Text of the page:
The animal shelters in the greater Albuquerque area are over capacity and seeking volunteers to help. Volunteers receive training and support services to optimize positive outcomes for the animals and the volunteers. Information on three larger organizations is provided here, with more rescue groups serving the community. Volunteer applications are available on the websites.
Bernalillo County Animal Care and Resource Center is over capacity and seeking opportunities to get pets adopted. If you are not ready or able to adopt, there are other ways you can help. There are volunteer opportunities for adults and those under 18 years of age. Volunteer at the center or make “Enrichment at Home” items. Supplies are provided to make the items that enrich animals’ lives as they await their adoption.
Shelter foster families care for animals that are not ready for adoption. Most foster placements are two to six weeks, and are for nursing mothers and their litters, young kittens, puppies, injured pets, or animals needing socialization or time away from the shelter. Hospice foster homes serve animals with advanced age or medical issues.
Bernalillo County Animal Care and Resource Center says the biggest need is for adult volunteers for loving interactions with the animals or supporting duties at the center and the foster program.
Bernalillo County Animal Care and Resource Center offers a spay/neuter assistance program. You must live in the unincorporated area of Bernalillo County – excluding the Village of Los Ranchos and the Village of Tijeras. See the website for more information.
Citizens who wish to donate to the animals and the county’s animal care programming can go to the website and click the Donations button, selecting BernCo Animal Care.
Albuquerque Animal Welfare has volunteer opportunities at its Eastside and Westside shelters. Volunteers must be 18 years old or above, or participate as a family. Volunteers perform a variety of functions, such as walking dogs, cuddling cats, environmental duties, and monitoring animals after medical procedures. They have a “doggie day out” to take a dog for a hike, out to lunch, or an event, with the dog wearing an Adopt Me vest.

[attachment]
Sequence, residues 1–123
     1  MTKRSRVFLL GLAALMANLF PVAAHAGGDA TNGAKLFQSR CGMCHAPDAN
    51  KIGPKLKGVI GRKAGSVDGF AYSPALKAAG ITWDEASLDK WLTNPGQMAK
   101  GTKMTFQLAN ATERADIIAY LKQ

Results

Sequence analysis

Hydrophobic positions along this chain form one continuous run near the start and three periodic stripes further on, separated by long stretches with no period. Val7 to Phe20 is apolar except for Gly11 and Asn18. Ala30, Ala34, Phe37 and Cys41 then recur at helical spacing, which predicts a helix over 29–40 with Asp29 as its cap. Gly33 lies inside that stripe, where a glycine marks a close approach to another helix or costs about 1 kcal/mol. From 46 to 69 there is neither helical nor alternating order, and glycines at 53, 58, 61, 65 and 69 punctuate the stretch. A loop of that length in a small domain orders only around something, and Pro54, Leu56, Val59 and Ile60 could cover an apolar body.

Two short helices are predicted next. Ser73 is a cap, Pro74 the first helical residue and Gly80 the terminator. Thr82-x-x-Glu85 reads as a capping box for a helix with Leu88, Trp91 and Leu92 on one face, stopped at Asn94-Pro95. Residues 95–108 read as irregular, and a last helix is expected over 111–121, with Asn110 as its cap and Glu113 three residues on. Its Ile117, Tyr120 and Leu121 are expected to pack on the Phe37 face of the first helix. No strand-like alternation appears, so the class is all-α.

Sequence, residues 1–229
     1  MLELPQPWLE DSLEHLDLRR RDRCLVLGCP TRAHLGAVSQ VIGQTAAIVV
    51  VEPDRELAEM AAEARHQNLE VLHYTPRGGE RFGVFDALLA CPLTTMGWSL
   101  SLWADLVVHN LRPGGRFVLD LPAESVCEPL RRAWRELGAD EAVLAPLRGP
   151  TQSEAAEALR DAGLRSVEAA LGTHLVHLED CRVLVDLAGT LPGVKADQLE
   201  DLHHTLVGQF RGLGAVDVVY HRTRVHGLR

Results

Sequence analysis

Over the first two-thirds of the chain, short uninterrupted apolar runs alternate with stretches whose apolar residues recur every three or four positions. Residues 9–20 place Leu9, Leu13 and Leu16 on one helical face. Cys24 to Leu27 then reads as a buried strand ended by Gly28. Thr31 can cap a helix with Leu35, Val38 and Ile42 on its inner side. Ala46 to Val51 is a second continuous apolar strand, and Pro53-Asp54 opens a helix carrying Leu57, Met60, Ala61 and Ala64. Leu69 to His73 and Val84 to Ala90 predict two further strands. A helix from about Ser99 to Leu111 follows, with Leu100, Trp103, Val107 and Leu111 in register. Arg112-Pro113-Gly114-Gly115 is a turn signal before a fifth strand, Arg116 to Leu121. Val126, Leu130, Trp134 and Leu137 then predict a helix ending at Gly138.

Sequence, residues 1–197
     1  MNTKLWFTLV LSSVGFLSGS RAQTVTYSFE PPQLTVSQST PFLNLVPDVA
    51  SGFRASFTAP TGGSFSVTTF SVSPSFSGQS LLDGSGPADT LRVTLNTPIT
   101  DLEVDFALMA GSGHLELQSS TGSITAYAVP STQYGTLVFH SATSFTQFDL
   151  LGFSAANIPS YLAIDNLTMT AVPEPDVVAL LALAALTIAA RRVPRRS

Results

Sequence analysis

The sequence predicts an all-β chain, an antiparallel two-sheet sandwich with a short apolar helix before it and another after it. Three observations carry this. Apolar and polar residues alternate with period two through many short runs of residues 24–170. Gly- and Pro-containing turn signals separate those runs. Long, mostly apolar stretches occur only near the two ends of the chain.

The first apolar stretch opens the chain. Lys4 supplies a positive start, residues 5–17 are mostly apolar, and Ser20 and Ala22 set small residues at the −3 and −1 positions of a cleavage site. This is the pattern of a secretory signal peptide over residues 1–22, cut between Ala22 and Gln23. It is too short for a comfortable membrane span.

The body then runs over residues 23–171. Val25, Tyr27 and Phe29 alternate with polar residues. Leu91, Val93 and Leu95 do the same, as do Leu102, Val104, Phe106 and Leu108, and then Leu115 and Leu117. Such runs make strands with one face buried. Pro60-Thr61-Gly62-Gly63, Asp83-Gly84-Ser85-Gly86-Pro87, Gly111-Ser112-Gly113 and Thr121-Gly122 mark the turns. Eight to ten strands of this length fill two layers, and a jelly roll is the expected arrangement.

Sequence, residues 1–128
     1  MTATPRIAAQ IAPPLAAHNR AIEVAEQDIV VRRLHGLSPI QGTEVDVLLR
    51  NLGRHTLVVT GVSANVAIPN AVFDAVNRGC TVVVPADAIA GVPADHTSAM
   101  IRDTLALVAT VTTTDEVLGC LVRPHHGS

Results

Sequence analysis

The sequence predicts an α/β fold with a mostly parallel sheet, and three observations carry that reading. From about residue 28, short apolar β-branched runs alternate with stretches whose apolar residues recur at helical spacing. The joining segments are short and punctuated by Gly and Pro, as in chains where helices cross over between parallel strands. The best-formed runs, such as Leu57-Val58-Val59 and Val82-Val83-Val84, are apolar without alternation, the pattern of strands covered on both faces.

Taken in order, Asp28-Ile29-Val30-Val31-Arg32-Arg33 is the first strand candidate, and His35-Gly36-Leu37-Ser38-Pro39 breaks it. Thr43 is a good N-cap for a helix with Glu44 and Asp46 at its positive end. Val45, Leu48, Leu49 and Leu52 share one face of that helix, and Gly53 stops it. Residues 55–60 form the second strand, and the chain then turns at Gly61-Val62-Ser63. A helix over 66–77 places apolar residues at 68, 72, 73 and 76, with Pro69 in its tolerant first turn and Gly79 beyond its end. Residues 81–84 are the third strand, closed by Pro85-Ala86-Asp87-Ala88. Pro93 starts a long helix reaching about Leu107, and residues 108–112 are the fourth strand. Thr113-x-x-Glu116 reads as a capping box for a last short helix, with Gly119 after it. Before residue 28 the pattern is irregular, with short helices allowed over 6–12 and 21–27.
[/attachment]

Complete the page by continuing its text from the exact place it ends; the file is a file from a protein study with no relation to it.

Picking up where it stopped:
Albuquerque Animal Welfare also has a foster pet program. The website describes the types of animals that need fostering as litters of puppies and kittens with or without mamas, animals recovering from surgery, and animals with behavioral issues. Animals that require fostering are determined by Animal Welfare management. The website identifies important questions for those considering fostering an animal, including daily time commitment or special needs. The foster period needed by an animal may be one to six weeks. Additionally, if you have a pet now, consider how fostering will affect your pet.
When asked what the greatest need is, the representative described the importance of volunteers and foster care in supporting pet adoptions.
Albuquerque Animal Welfare offers spay/neuter services to low- and moderate-income residents of Albuquerque through a lottery program. See the website for more information.
Kennel Kompadres accepts charitable contributions and donations in partnership with Animal Welfare. See the website for information on donating funds or items.
Animal Humane of NM has volunteer opportunities for adults, youth and children. The website describes such duties as including interactions with animals, working in the thrift shop and frontline interactions with the public.
Animal Humane describes its foster care program as assisting pets by gifting your time and compassion. “By inviting foster pets into their lives, homeless cats and dogs experience the love of a human companion and return to our shelter as happy, healthy and socialized pets … ready for adoption!” Supplies needed to foster are provided.
Animal Humane has a donor-subsidized veterinary clinic, including spay and neuter services, available exclusively to income-qualifying clients.
Animal Humane of NM is a local, private, nonprofit that relies on fundraising to operate. When asked what its biggest need is, the organization says it requires funds to provide compassionate service to animals in need.
There are more rescue organizations in the area; do an online search for animal rescue near me and find a list of organizations you can assist. If you cannot be a hands-on volunteer, there are other ways to support the organizations through donations of items or financial assistance.
Current pet owners can help by getting their pet spayed or neutered. According to the Humane Society, the average lifespan of spayed and neutered cats and dogs is demonstrably longer than the lifespan of those not.
Sources: www.bernco.gov/animal-care-services, phone (505) 314-0281; www.cabq.gov/pets, phone: 311; https://animalhumanenm.org, phone (505) 255-5523 for 615 Virginia SE site, (505) 323-7387 for 10141 Coors NW site, (505) 938-7915 for thrift shop, (505) 217-0300 for vet clinic.